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Study of Privatizing Adult Mental Health Program Services

Report No. 99-11


The Department of Healthís Adult Mental Health Division is responsible for administering a comprehensive mental health system to care for and improve the mental health of individuals 18 years of age and older.  The division provides an array of direct services to help people function in common activities of daily living through state community mental health centers and contracts with private providers.  The division is appropriated about $19.5 million each year of which $7 4 million is used for private provider contracts.  The 1998 Legislature requested a study to examine the extent to which direct services currently provided in the adult mental health program (HTH 420) could be assumed by private providers.

In this study, w e use the definition of privatization set forth by the U.S. General Accounting Office, that is, any process aimed at shifting functions and responsibilities, in whole or in part, from the government to the private sector.  The hiring of private-sector firms or nonprofit organizations to provide goods or services for the government through contracts is the most common form of privatization.

A key to the successful privatization of government services; is the use of a systematic decision-making process to guide actions taken.  Such a process includes an analysis of various factors determinative of the success of privatization efforts.  These factors include: 1) Realistic and measurable goals and criteria; 2) Availability of competition; 3) An accurate cost analysis; 4) State employee and union support; 5) Safeguards to mitigate risks; 6) Adequate management controls, monitoring and evaluation; and 7) Controls for maintaining and monitoring quality of service.

Our assessment of whether privatization of current services could be successful is inconclusive because the information and data necessary to perform proper analyses were lacking.  For example, the Adult Mental Health Division lacked reliable and complete data necessary to conduct a proper cost analysis.  We found insufficient controls over the recording and tracking of staff time as well as inadequacies in the divisionís computer system.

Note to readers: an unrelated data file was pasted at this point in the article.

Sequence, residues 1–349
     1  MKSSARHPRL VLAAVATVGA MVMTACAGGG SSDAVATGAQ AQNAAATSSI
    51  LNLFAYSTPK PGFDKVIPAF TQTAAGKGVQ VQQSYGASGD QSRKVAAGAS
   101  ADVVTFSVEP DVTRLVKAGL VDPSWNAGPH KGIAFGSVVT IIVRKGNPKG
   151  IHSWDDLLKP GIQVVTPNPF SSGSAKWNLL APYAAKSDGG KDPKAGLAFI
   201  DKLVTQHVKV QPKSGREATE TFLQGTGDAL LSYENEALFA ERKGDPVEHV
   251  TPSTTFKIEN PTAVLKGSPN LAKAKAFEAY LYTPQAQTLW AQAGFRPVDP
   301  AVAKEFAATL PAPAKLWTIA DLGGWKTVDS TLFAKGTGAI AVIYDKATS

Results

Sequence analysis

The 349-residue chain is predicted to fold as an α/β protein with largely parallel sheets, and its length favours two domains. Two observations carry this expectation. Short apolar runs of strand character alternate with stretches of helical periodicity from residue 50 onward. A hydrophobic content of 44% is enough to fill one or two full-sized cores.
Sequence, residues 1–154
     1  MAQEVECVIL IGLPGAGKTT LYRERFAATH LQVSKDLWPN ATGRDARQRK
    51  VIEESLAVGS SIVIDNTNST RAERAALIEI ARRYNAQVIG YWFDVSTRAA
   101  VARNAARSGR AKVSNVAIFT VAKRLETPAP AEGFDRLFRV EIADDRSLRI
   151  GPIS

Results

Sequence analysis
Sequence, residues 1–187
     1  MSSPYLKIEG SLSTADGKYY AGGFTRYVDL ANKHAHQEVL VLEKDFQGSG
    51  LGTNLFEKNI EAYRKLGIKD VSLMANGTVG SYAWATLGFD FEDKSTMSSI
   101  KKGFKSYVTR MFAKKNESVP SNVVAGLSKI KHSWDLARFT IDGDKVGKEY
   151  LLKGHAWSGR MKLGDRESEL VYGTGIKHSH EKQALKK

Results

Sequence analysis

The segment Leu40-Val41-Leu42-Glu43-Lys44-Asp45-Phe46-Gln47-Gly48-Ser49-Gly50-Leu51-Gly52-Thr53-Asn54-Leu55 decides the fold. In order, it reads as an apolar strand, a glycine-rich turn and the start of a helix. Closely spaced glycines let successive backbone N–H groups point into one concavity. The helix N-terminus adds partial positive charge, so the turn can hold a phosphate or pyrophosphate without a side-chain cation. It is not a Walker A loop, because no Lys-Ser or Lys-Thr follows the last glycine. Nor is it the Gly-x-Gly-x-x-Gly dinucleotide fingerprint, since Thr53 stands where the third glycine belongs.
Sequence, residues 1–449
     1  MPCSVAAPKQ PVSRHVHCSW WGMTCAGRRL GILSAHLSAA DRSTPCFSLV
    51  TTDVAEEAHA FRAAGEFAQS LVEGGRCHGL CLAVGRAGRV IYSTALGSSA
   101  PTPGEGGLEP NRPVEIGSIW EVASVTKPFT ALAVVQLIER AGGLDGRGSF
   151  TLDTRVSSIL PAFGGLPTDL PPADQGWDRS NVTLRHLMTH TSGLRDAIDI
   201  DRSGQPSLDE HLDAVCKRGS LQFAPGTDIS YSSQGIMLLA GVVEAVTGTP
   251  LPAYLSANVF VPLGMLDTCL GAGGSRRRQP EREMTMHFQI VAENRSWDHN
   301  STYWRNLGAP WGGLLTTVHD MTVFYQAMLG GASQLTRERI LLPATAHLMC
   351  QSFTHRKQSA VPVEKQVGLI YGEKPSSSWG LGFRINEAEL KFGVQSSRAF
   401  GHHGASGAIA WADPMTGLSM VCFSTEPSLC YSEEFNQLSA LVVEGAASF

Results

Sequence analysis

We also found that the divisionís existing efforts to manage contracts and coordinate with private providers were inadequate and could not support further privatization.  Contract monitoring is inconsistent, performance measures are inadequate for proper evaluation of contractors, and contractual requirements are not enforced.  More than half of the divisionís contracts have not received on-site monitoring visits.  We found no evidence of any program evaluation system or program evaluation reports by contractors.  The division also permitted contractors to submit financial reports several months late, in violation of contract requirements.  Finally, the divisionís lack of proper operational plans contributes to a poorly integrated mental health system and ineffective use of private providers.

Recommendations and Response

We recommended that the Department of Health report to the Legislature regarding steps taken to improve contract administration practices such as designating a contract administrator, improving monitoring, establishing adequate performance measures, and executing contracts in a timely manner.  The department should also ensure contractors are held accountable.  We also recommended that the division establish a consistent contract monitoring process, consider the inclusion of a liquidated damages provision, execute contracts on time, and develop operational plans that guide operations toward achieving goals.

The health department responded that its interpretation of privatization of services differed from that used in the report, that there were advantages to having a limited number of vendors, and that the departmentís efforts to restructure services has been met by strong resistance from its own staff.  In addition the department disagreed with a number of our findings and claims to have taken corrective action to address others, but otherwise did not address the reportís specific findings and recommendations.  Finally, the department took exception to our comments about limiting our access to its information.

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